Carter from Calgary
If the player bets $5 on the field and 5, and $6 on the 6 and 8, then he will have a net win of $2 on the 5, 6, and 8, $10 on the 2, $15 on the 12, and $5 on the other field numbers, assuming that the 12 pays 3 to 1 on the field. The player will lose $22 on a 7. On a per roll basis, the player can expect to lose 25 cents compared to $22 in bets, for a house edge of 1.136%.
This begs the question, why is this lower than the individual house edge of each bet made? It’s not. The reason it seems that way is the result of comparing apples to oranges. The house edge of place bets is usually expressed as the expected loss per bet resolved. Looking at the individual bets on a per-roll basis, the house edge on the 5 is 1.11%, and on the 6 and 8 is 0.46%, according to my craps appendix 2. Comparing apples to apples, the house edge is a weighted average of the house edge on the field, 5, 6, and 8, on a per-roll basis, or (5/22)×2.778% + (5/22)×1.111% + (6/22)×0.463% + (6/22)×0.463% = 1.136%.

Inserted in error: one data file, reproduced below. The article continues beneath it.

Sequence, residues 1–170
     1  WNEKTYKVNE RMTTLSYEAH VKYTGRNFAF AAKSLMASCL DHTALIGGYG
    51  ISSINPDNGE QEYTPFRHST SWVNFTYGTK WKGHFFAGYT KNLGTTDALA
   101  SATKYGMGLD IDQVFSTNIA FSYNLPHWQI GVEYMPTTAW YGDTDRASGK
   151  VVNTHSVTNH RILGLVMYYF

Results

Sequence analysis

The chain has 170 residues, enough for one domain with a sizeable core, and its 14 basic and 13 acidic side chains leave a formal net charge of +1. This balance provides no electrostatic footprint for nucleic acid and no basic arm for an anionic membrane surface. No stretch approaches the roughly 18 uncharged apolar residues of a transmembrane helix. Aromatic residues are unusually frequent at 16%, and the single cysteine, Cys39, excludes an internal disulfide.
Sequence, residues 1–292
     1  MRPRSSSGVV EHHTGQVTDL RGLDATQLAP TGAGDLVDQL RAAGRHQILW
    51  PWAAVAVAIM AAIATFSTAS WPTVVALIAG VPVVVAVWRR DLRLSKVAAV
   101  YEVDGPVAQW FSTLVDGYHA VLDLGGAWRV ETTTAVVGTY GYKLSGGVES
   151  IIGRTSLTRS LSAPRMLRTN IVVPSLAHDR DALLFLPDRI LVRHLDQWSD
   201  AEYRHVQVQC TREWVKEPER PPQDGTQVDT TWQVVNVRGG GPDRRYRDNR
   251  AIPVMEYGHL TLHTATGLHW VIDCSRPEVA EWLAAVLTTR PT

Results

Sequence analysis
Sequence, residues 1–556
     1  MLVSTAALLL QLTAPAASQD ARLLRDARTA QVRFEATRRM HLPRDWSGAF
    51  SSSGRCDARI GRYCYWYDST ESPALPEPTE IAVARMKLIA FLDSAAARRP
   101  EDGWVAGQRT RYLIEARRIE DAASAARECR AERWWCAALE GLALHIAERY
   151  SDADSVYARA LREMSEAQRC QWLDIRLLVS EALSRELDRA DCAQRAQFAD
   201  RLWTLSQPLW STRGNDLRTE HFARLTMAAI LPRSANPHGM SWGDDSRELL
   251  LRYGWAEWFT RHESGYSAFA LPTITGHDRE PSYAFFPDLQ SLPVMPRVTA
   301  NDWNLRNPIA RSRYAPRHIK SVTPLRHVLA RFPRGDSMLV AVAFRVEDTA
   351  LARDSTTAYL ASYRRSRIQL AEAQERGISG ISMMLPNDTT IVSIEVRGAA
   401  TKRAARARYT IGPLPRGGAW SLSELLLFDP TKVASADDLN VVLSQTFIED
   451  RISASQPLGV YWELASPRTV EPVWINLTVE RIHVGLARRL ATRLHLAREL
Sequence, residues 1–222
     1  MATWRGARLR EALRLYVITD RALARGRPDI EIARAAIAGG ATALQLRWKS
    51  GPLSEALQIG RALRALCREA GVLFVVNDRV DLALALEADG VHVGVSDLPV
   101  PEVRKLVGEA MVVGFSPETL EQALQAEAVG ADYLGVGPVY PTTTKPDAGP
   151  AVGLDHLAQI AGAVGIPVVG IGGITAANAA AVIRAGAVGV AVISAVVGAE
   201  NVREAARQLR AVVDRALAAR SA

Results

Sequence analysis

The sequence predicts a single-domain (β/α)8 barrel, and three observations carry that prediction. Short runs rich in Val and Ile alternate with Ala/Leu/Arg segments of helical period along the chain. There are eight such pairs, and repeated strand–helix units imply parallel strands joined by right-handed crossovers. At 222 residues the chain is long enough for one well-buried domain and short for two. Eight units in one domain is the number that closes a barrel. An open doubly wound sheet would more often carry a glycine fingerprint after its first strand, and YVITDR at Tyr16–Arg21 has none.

Alisha from Pontotoc
No. This is just an urban legend.
Alex from Montreal
I checked the New York and California lottery web sites. Both indicated that if the winner dies before all the payments are made, the rest will be paid to the winner's designated heir or estate.
- How did you come up with the percentages found in the charts?
- If you used a computer program, how did you develop it and how long did it take?
- You stated that you started the Wizard of Odds as a hobby. Did experimenting change as your site became more well-known? Why or why not?